This article assumes that you have a basic understanding of Azure and have basic experience with provisioning resources using Azure portal, so instead of going through the detailed steps of creating virtual machines and SQL azure databases on Azure, this article will mainly focus on setting the required steps for enabling the transaction replication for SQL Server database, hosted in Azure ARM VM.

You can go through the detailed steps of creating Azure VM and Azure databases, using the links, given below-

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Create SQL Azure Database

After SQL server VM is provisioned, let’s create a new SQL Azure database (PaaS), using Azure portal and name it as bgdb
We will be using this database as a subscriber, meaning to replicate the data and changes from our source database created in the last step.

Note that this database is created just for the demo so S0 standard pricing tier has been selected. You can choose the right tier, as per your needs.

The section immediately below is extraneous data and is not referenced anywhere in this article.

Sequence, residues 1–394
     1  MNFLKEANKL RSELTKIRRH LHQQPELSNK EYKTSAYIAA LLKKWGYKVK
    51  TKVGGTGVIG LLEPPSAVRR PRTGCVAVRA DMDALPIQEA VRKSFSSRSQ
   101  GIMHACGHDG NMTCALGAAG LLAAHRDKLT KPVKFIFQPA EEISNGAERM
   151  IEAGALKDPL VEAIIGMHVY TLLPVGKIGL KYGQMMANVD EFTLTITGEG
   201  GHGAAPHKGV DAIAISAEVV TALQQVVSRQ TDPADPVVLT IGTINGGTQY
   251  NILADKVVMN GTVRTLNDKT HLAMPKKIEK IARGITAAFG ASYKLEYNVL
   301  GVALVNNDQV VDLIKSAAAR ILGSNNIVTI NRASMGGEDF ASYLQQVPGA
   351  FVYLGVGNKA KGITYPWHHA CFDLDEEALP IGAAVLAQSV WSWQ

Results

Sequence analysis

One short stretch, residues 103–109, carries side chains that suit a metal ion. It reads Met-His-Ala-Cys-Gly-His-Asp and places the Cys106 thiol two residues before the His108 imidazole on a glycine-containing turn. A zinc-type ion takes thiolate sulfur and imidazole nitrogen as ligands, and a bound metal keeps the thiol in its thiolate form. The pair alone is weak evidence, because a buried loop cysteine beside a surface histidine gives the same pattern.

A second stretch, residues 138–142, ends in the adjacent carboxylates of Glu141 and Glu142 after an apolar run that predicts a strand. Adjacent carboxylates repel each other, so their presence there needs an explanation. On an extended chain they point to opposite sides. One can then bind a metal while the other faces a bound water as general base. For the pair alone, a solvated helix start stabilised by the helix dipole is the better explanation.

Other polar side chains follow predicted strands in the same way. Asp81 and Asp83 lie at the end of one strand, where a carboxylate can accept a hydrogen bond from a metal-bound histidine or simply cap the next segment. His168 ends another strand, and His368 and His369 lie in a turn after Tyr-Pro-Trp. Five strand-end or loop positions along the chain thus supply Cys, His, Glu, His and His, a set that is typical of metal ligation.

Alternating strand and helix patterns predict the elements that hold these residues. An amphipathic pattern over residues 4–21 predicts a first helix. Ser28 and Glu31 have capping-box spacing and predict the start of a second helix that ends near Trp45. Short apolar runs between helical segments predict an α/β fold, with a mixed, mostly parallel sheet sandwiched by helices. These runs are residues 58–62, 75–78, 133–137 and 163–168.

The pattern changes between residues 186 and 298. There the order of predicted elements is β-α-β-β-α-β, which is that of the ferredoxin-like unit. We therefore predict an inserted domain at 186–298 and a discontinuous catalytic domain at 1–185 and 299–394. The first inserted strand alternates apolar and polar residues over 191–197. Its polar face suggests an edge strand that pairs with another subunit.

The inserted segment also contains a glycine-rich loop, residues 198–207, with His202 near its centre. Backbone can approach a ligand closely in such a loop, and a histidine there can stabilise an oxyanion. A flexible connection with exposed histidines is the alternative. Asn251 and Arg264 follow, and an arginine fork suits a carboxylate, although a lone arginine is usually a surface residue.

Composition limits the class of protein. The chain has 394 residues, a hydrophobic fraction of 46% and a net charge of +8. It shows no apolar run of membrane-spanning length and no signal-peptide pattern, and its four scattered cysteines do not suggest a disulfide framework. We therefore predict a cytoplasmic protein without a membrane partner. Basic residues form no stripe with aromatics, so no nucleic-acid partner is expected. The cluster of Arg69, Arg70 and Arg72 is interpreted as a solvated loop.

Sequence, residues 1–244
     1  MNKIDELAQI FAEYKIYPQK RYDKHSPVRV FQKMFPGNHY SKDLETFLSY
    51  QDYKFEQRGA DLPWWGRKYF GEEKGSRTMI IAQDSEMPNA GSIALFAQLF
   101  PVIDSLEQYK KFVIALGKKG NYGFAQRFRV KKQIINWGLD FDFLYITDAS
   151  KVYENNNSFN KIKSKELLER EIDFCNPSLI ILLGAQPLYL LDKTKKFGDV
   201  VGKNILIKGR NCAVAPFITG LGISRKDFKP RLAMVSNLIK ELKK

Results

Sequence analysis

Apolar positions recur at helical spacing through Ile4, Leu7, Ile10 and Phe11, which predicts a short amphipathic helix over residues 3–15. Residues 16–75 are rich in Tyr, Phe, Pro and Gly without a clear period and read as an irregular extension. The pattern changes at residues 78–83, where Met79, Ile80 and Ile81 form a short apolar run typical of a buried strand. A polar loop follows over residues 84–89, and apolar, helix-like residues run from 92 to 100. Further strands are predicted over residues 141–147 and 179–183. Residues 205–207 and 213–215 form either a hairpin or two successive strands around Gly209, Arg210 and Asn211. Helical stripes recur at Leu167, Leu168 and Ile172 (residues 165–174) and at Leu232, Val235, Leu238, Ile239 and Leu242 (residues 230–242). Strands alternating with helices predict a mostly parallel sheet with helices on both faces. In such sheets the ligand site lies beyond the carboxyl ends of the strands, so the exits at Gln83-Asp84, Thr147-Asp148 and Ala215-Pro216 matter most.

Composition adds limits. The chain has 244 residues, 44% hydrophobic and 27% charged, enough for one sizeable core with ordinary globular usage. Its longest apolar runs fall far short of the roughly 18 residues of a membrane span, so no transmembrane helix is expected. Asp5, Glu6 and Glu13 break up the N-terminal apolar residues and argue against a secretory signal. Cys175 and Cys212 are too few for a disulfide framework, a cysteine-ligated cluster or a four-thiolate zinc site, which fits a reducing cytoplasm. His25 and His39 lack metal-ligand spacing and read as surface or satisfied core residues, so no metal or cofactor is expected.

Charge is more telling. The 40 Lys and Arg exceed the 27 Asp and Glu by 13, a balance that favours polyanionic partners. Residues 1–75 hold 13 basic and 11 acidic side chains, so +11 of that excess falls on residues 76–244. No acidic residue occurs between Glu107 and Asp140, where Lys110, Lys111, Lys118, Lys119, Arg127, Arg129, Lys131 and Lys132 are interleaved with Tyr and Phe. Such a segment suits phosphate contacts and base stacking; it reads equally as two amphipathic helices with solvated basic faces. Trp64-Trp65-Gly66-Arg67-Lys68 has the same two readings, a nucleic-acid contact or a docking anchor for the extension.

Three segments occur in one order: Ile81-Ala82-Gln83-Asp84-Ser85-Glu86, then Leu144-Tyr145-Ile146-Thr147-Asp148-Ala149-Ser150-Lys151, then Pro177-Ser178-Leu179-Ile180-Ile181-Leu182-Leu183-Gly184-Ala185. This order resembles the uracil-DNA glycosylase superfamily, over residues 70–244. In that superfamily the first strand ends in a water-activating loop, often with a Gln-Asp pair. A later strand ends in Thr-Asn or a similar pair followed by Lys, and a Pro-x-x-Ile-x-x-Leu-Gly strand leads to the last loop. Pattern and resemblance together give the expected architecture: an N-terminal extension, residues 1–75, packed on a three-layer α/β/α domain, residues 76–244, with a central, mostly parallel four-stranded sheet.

Remember the server user name and password. We will be needing it later in upcoming steps

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Configure Azure VM database

Now, since we have both source and destination servers ready. let’s go ahead and create a sample database in the source by logging in to the Azure VM created in step 1.

Open SQL Server Management Studio in Azure VM -> Create a new database named “AzureVMDatabase” -> Create a new table and name it as “Person” -> add a few entries so that we have some data in the table.

        NAME = N'AzureVMDatabase', FILENAME = N'F:\Data\AzureVMDatabase.mdf' , -- replace the path according to your need!
        SIZE = 128MB ,
        FILEGROWTH = 64MB
    LOG ON (
        NAME = N'AzureVMDatabase_log', FILENAME = N'F:\Log\AzureVMDatabase_log.ldf' , -- replace the path according to your need!
        SIZE = 64MB ,
        FILEGROWTH = 64MB )
USE AzureVMDatabase
    id int identity(1,1),
    Name nvarchar(100),
    [Address] nvarchar(250),
    Email nvarchar(250),